Sensitivity analysis

We performed sensitivity analyses on outcome indicators that showed a high degree of heterogeneity. It showed no significant change when we excluded all outcome indicators from the included 12 studies one by one and found, indicating that the sensitivity analysis was robust, as shown in Fig. 9.

Fig. 9
figure 9

Sensitivity analysis in this meta-analysis. a Morphine consumption. b VAS. c NRS

Discussion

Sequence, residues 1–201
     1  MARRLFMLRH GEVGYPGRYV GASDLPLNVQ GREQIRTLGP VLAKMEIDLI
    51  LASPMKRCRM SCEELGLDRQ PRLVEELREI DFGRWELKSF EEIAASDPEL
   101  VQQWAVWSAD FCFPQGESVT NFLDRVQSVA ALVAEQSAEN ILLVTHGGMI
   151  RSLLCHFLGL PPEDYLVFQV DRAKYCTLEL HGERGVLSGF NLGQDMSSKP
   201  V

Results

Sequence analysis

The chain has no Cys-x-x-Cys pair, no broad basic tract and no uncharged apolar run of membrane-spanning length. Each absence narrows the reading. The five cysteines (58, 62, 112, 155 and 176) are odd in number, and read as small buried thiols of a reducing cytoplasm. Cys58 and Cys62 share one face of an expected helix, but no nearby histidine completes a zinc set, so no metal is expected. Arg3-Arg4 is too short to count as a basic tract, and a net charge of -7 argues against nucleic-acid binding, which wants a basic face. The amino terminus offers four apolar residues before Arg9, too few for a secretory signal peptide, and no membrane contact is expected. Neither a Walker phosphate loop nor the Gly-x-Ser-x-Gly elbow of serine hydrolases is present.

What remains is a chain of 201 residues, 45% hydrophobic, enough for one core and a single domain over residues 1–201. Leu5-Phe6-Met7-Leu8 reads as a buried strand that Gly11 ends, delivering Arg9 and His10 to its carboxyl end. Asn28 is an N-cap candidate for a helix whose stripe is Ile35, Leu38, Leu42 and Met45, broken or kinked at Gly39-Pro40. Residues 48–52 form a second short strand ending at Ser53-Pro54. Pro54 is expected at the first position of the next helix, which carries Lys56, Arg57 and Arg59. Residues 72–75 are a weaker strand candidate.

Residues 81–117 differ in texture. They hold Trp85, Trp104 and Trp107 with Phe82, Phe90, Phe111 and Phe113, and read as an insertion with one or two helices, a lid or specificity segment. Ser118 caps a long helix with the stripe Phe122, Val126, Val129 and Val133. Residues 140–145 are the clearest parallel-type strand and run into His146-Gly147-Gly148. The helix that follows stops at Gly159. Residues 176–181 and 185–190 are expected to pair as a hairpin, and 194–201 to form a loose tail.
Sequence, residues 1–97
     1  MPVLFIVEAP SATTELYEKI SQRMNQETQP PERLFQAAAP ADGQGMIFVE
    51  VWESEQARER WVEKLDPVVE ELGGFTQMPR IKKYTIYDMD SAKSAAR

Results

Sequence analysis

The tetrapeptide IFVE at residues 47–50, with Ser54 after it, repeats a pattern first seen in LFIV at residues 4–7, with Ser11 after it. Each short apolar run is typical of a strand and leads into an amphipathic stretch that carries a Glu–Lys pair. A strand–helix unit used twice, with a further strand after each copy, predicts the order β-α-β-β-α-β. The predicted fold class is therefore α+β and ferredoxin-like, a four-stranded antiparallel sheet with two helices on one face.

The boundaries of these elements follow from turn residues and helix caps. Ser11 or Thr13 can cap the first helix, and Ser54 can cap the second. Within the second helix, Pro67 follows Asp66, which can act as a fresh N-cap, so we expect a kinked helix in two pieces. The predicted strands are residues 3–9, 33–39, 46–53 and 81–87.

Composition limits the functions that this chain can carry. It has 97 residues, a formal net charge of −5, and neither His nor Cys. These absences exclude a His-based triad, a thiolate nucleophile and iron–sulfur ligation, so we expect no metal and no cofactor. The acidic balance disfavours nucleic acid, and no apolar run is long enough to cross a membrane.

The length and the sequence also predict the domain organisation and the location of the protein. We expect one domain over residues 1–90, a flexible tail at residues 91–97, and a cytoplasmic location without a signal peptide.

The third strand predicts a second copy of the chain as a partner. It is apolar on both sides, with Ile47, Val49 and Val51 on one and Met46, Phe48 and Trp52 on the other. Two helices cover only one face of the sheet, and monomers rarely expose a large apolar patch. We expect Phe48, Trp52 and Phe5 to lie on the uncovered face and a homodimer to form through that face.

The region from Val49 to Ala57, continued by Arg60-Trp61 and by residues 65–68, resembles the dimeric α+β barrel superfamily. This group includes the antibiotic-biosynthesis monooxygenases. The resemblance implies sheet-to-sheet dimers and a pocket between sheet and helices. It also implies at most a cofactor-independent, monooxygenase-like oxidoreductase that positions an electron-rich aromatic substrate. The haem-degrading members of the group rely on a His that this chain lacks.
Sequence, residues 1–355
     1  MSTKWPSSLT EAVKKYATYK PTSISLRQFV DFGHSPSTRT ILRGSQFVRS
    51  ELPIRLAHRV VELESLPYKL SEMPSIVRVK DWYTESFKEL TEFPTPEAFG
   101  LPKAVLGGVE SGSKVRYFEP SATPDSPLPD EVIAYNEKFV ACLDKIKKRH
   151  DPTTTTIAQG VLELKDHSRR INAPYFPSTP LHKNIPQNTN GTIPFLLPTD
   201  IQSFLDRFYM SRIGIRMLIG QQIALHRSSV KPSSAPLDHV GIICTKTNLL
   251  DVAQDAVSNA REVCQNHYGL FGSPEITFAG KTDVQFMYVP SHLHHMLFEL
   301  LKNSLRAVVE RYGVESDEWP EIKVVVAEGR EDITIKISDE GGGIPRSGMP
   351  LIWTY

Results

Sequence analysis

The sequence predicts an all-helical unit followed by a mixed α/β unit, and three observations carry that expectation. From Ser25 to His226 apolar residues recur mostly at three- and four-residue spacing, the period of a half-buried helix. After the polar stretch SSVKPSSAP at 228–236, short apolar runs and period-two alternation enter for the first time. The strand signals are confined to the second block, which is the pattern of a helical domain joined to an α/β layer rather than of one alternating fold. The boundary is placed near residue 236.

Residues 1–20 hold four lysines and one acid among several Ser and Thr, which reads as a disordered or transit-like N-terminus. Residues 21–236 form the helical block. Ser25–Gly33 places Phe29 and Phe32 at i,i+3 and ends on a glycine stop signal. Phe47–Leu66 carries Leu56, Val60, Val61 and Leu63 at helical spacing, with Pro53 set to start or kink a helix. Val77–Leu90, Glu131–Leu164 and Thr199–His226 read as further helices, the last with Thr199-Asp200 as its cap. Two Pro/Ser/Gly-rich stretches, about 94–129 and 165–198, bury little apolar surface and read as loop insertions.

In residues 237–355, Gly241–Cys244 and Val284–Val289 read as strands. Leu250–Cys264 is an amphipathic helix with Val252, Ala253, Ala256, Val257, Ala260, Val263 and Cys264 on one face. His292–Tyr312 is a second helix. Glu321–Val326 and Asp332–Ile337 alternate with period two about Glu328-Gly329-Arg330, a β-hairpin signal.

This meta-analysis examines the use of NSAIDs for preemptive analgesia in lumbar spine surgery. The traditional posterior lumbar incision is large, especially when multi-segmental lumbar lesions are encountered, requiring a larger field to be exposed, longer incisions, more internal fixation implants, and longer operative times, as well as causing more damage to the patient and more severe postoperative pain, which not only does it affect the patient’s early postoperative recovery, but some patients may also develop long-term pain syndrome after surgery, which subsequently affects the efficacy of the procedure (Small & Laycock, 2020). Costelloe (Costelloe et al., 2020) analyzed a total of 21 studies published from 2000 to 2019 related to postoperative persistent pain (PPP) in patients undergoing spinal surgery. Many studies have shown that the development of chronic pain after spinal surgery is associated with the use of preoperative analgesic drugs. Although traditional analgesic drugs, opioids, are more potent and long-lasting compared to NSAIDs, they are prone to tolerance and dependence with long-term use, drug flooding and withdrawal, and even nociceptive sensitization reactions that manifest as increased pain, making it more difficult for clinicians to effectively control patients’ pain (Roozekrans et al., 2018), making it crucial to find effective and safe analgesic methods. NSAIDs exert their anti-inflammatory and analgesic effects by blocking the production of prostaglandins through inhibition of the cyclooxygenase (COX) isoenzyme. COX-1 enzymes are ubiquitous throughout the body, while COX-2 enzymes are more specific to acute and chronic inflammatory tissues. In spinal surgery, non-steroidal anti-inflammatory drugs are recognized as non-opioids (Rivkin & Rivkin, 2014; Kurd et al., 2017; Sinatra, 2002; Smith et al., 2019; Szatmári et al., 2019). Today, NSAIDs have been widely used for preoperative analgesia in a variety of major surgeries such as colorectal surgery and radical cystectomy, and are receiving increasing attention from clinicians in spine surgery (Rowe et al., 1992; Siribumrungwong et al., 2015; Small & Laycock, 2020). Several studies have reported stronger postoperative analgesia with NSAIDs perioperatively than with a placebo alone. So we compiled relevant RCTs and constructed this meta-analysis to evaluate the effectiveness and safety of perioperative NSAID preceding analgesia in lumbar spine surgery.